Hearings opened Tuesday in the House Finance and Appropriations Committee on the administration’s capital re-appropriations bill, which, for the most part, re-ups funding for capital projects approved by previous General Assemblies – a generally  a pretty routine process.

However, questions, primarily from the Republicans, seemed to indicate otherwise as they targeted the amount of debt incurred in the bill, the cost of that debt, details on the projects supported and the criteria for including them, the administration’s progress on restructuring the state’s debt approved in HB1, and the timing of issuing bonds.
Early in the hearing, finance chairman, Rep. Vern Sykes (D-Akron), made it clear that while HB462 had been tagged for a possible vote, that would not happen. Rather, he said the committee would meet on Monday, March 15 at 3 p.m. to act on the bill – a move applauded by Rep. Randy Gardner (R-Bowling Green) who said he appreciated the time to study the bill.
Sykes later said amendments were due in his office by noon on Friday, March 12.
Office of Budget and Management (OBM) Director Pari Sabety testified on the provisions in HB462, telling the committee, “This bill authorizes reappropriations of capital items from prior fiscal years and authorizes new capital appropriations for the Public Works Commission [PWC] and the [Ohio] School Facilities Commission [OSFC].”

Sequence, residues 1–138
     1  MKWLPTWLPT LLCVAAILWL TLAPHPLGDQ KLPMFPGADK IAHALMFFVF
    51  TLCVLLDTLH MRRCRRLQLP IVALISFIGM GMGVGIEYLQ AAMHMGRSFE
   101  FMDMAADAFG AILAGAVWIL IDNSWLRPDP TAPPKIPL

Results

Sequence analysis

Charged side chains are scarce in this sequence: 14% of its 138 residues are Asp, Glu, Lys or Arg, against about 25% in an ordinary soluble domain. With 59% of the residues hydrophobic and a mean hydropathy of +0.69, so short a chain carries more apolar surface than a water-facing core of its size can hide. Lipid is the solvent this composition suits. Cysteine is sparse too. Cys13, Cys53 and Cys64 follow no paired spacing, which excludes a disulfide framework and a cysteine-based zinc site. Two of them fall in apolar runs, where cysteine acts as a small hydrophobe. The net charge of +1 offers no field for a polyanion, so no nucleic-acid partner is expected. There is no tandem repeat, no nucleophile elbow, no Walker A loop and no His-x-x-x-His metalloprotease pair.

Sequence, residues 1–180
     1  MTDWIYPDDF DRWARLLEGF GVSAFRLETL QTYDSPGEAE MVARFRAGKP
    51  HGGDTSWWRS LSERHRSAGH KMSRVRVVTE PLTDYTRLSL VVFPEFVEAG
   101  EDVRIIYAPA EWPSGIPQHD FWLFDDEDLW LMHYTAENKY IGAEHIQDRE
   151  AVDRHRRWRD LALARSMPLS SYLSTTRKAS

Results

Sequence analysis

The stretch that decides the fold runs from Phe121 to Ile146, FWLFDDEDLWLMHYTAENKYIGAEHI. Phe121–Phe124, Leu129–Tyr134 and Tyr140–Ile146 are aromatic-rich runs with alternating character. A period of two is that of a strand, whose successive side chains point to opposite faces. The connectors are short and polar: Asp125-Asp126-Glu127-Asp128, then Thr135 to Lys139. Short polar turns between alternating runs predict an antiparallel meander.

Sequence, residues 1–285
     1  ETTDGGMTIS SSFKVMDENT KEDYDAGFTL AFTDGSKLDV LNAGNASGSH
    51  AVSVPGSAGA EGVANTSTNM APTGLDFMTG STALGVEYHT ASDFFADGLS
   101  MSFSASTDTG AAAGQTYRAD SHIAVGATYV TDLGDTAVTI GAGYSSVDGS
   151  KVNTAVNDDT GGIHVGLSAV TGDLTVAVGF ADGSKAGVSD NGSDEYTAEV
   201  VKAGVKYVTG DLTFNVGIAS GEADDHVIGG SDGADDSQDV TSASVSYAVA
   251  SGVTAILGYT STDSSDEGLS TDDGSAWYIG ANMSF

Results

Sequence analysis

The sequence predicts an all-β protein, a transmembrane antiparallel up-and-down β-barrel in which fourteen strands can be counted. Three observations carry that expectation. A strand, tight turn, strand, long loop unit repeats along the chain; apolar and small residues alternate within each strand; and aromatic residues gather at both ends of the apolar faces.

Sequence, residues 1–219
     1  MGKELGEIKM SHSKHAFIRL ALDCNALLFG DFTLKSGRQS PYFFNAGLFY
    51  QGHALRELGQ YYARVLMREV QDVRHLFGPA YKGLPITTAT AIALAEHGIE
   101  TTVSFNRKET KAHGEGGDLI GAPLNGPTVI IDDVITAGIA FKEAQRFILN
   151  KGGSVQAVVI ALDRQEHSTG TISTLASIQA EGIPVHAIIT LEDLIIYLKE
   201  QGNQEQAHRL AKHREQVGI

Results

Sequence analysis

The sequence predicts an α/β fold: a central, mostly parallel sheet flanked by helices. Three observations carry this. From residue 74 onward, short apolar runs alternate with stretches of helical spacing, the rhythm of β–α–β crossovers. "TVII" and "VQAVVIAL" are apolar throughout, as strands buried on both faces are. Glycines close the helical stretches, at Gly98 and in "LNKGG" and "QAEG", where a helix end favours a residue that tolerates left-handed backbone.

While she said the capital reappropriations bill is the “traditional vehicle” for PWC funding, the inclusion of an appropriation for OSFC is driven by the lack of a timeline for the next capital budget because “it is essential that appropriations be effective and in place in the near future in order to provide state support for the local levy proposals that some districts will have on the ballot in November.”
Sabety told the committee that this bill must be passed by March 31 “due to a Supreme court ruling in 1994 in the case AFL-CIO v. Voinovich.
“That case found that capital reappropriations must take effect 90 days after the bill is passed by the Legislature and signed by the governor, rather than taking effect immediately” as is the case with the operating budget. Passage by the end of the month “will ensure that resources are available July 1 and that ongoing capital projects are not forced to stop activity while waiting for reauthorization.”
She said the bill identifies $2.5 billion in reappropriations compared with $5.9 billion in 127-HB496 (which included $4.4 billion from the tobacco securitization).
The bill contains a total of $670.5 million in appropriations and $4 million in “redirected” resources from previously authorized capital appropriations. The largest of the redirected funds relates to over $1.1 million originally appropriated for the Franklin County Rickenbacker Radar Project which is now being proposed to be used for the Rickenbacker control tower.